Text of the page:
A Review of the Complexities of Morning Hypertension

DECEMBER 01, 2008
Robert Lee Page II, PharmD, FCCP, FAHA, BCPS, CGP

Dr. Page is an associate professor of clinical pharmacy and physical medicine and a clinical specialist, Division of Cardiology, University of Colorado Health Sciences Center, Schools of Pharmacy and Medicine.

As with most biologic processes, blood pressure (BP) demonstrates a distinct circadian rhythm, characterized by a substantial reduction during sleep (the nocturnal dip) followed by a moderate to marked increase around the time of awakening (the morning surge). It is not surprising that the onset of acute cardiovascular (CV) events (eg, myocardial infarction, sudden cardiac death, and stroke) also shows a circadian pattern, with peak occurrence during the early morning hours.1,2 In patients with hypertension, this surge in BP (eg, above 135/85 mm Hg) during the first 2 hours after waking, but not in the evening (the last 2 hours before going to bed) has been defined as morning hypertension.3 This morning BP surge has pathological significance as it is positively related to degree of target-organ damage, such as carotid intima-media thickness and left ventricular hypertrophy.4-6 The magnitude of the morning surge also is an independent predictor of cerebrovascular and cardiac events.7

Nondippers Versus Extreme Dippers

Two types of morning hypertension exist.8-10 The patients who demonstrate a nocturnal decrease in BP that is <10% of their daytime BP are known as nondippers. The other type of patients are the extreme dippers who exhibit a 20% or more decrease in nocturnal BP, compared with daytime BP. Finally, a patient can be an inverted dipper/riser in which their BP does not decrease or actually may increase at night. Nondippers and risers typically do not show a surge in BP on awakening but usually have sustained early morning hypertension. An excessive morning surge is common in extreme dippers.8-10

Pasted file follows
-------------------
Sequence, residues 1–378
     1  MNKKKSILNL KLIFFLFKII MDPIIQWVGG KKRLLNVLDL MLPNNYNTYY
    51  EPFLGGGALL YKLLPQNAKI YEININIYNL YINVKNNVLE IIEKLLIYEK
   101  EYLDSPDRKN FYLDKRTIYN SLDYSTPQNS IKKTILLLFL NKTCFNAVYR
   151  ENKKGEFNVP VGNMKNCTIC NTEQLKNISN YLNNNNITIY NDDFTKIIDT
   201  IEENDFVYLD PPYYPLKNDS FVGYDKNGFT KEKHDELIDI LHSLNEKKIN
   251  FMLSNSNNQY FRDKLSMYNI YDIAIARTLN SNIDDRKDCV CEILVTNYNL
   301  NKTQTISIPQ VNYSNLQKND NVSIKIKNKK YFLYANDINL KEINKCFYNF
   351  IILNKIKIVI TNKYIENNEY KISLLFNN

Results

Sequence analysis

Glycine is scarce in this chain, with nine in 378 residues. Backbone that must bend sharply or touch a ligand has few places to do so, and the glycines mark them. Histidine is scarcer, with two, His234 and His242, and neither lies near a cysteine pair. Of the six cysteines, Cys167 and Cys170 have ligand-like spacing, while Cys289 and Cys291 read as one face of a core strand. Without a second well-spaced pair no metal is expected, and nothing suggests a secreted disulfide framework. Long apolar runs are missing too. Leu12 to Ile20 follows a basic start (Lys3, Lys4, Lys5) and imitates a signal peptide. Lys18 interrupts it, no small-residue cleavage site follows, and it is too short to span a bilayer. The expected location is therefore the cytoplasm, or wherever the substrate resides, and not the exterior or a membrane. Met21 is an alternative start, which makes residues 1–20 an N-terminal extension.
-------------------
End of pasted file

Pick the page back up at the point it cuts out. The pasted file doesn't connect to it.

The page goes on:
What Causes Morning Hypertension?

The morning surge in BP is influenced by many pathophysiological factors, such as activity of the autonomic and renin-angiotensin- aldosterone systems and dietary sodium intake. Other alterations that occur during the early morning that can have a significant impact on increasing CV risk in this population include increased heart rate, vascular tone, blood viscosity, and platelet aggregability. With the advent of ambulatory blood pressure monitoring (ABPM), this technology has improved identification of patients with excessive morning surges and has facilitated assessment of antihypertensive agents that may be particularly effective in this subgroup of the hypertensive population.11,12

In the Japan Morning Surge-1 study, Ishikawa and colleagues used ABPM in 611 patients with morning hypertension to determine important patient-specific characteristics.13 The analysis showed that patients with morning hypertension are more likely to be of older age, as well as have a longer duration of hypertension and antihypertensive medication use, display a higher prevalence of left ventricular hypertrophy with an elevated B-type natriuretic peptide concentration, and exhibit a lower glomerular filtration rate.

As for pharmacotherapy, choice of an agent is dependent upon the pharmacokinetics and formulation of the drug, published evidence, and timing of administration. Medications with long half-lives, such as telmisartan, amlodipine, chlorthalidone, and bisoprolol, have demonstrated efficacy in controlling early morning BP. Bedtime administration of chronotherapeutic preparations as well as alphablockers such as doxazosin have also been effective, particularly when used in combination with ABPM.14-24

This communication on the importance of home blood pressure monitoring is supported by Omron Healthcare, Inc. It is intended to help pharmacists and their staff understand the importance of home blood pressure monitoring.


  1. Cohen MC, Rohtla KM, Lavery CE, Muller JE, Mittleman MA. Meta-analysis of the morning excess of acute myocardial infarction and sudden cardiac death. Am J Cardiol. 1997;79(11):1512-1516.
  2. Muller JE, Ludmer PL, Willich SN, et al. Circadian variation in the frequency of sudden cardiac death. Circulation. 1987;75(1):131-138.
  3. Pickering TG. Morning hypertension. J Clin Hypertens (Greenwich). 2007;9(3):224-228.
  4. Giles TD. Circadian rhythm of blood pressure and the relation to cardiovascular events. J Hypertens Suppl. 2006;24(2):S11-16.